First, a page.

The lesbian attorney who litigated successfully against the Defense of Marriage Act struck back Thursday against parties in an Ohio marriage case — both the American Civil Liberties Union and the state itself — over their attempts to block her from joining the lawsuit.
In a 17-page filing before the U.S. Sixth Circuit Court of Appeals, Roberta Kaplan, an attorney at the New York-based Paul, Weiss, Rifkind, Wharton & Garrison LLP, maintains arguments presented by Ohio Attorney General Mike DeWine and attorneys representing the plaintiffs — the ACLU and the private law firm Gerhardstein & Branch — are unfounded.
The brief filed by Kaplan — an Ohio native who’s representing Equality Ohio and four same-sex couples in the state — rejects the notion that her motion to intervene was filed at too late a stage in the process of the litigation and that her filing presents new issues on marriage the court has yet to address.
“At best, Plaintiffs-Appellees and Defendant-Appellant offer the kind of vague, unspecified assertions of potential prejudice and delay that have properly been rejected by courts in other cases,” Kaplan writes. “But there will be no delay since the Proposed Intervenors have already complied with the schedule set by the Court, and no one has suggested that they will not continue to do so.”
Kaplan writes neither the ACLU nor the state articulates what she believes is “the likely true motivation behind their opposition” to her intervention in the case: an objection to her participating in oral arguments.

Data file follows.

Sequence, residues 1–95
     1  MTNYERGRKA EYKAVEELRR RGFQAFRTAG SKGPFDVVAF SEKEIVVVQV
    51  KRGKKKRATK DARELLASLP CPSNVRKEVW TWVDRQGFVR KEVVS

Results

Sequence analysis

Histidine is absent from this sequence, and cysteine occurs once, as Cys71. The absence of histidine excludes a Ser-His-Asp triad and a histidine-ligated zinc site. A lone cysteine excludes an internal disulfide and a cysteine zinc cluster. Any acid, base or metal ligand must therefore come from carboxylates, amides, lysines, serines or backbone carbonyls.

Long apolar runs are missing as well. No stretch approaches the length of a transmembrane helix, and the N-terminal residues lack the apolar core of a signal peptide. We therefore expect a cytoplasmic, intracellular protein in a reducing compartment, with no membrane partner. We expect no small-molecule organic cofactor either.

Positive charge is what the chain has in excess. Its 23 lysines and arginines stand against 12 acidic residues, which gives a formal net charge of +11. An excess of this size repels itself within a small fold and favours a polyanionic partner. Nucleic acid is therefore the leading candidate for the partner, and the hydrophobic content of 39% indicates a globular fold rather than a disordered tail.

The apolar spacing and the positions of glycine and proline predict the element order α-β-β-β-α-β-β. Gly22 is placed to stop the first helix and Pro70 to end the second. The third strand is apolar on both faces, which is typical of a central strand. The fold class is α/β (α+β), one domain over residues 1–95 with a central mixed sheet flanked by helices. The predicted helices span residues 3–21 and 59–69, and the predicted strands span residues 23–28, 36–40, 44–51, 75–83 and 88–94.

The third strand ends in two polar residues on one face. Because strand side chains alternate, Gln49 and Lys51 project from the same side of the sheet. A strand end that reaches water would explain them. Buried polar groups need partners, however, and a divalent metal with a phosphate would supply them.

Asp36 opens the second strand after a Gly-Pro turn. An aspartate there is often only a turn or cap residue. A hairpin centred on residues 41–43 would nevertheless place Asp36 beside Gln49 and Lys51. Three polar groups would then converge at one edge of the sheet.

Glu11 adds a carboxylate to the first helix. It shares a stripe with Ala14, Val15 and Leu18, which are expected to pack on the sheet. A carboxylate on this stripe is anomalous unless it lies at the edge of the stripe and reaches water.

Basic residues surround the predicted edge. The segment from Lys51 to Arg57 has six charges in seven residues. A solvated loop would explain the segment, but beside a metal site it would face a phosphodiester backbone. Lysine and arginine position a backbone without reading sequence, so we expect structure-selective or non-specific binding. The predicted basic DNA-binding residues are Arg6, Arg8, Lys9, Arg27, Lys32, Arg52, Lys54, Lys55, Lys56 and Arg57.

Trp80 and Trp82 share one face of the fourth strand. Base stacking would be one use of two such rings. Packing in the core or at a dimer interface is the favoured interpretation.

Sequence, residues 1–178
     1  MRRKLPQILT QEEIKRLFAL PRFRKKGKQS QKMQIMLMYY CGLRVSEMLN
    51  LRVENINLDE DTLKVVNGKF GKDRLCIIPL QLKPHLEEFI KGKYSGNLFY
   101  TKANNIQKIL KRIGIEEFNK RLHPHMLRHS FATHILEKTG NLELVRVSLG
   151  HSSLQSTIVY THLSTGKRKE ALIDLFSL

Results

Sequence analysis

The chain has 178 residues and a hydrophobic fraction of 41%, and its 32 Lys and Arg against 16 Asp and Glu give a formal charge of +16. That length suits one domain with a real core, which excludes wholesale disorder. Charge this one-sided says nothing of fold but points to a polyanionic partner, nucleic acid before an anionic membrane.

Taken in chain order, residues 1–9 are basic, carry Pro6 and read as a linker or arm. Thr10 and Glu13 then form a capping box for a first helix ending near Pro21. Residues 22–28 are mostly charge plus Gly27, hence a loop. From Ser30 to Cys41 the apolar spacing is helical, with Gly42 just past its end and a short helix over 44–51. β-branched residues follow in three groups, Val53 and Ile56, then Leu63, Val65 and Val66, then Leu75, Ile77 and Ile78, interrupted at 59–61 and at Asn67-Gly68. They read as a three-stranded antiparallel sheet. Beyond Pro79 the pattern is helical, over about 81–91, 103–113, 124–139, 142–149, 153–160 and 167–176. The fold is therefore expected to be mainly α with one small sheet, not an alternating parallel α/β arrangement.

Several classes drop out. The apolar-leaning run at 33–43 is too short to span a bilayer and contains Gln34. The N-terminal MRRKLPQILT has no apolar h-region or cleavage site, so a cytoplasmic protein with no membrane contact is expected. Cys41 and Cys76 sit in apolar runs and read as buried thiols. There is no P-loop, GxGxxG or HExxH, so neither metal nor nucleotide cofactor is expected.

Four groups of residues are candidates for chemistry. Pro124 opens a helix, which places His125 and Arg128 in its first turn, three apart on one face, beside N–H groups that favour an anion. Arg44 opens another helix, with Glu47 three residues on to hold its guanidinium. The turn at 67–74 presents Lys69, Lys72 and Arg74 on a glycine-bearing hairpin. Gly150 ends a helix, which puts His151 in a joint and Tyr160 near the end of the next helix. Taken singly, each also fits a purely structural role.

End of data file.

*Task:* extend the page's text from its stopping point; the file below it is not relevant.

The lawsuit, Obergefell v. Himes, was filed last year by a couple seeking recognition of their same-sex marriage for the purpose of obtaining a death certificate. After U.S. District Judge Timothy Black ruled in favor of the couple, the state appealed the decision to the U.S. Sixth Circuit Court of Appeals.
It’s the limited scope of the issues presented before the Sixth Circuit that Kaplan says makes her intervention in the case necessary — along with the participation of her clients seeking outright marriage equality in Ohio.
“[A] decision by the Sixth Circuit on the equal protection claims raised — even on the “narrow” issue of the recognition of an out-of- state gay marriage on an Ohio death certificate — will likely implicate the extension of all of the other state-conferred rights and responsibilities of marriage to committed gay couples in Ohio,” Kaplan writes. “In fact, participation in this case by the Proposed Intervenors is the only way for this Court to hear and consider the myriad Ohio statutory provisions that are implicated by the Ohio constitutional amendment at issue in violation of the United States Constitution’s guarantee of equal protection.”
Both the ACLU and the State of Ohio objected to Kaplan’s participation in the lawsuit in separate briefs filed late last week. The opposition from the ACLU was particularly noteworthy because the organization had previously teamed up with Kaplan to represent New York widow Edith Windsor in the case in which the Supreme Court struck down Section 3 of DOMA.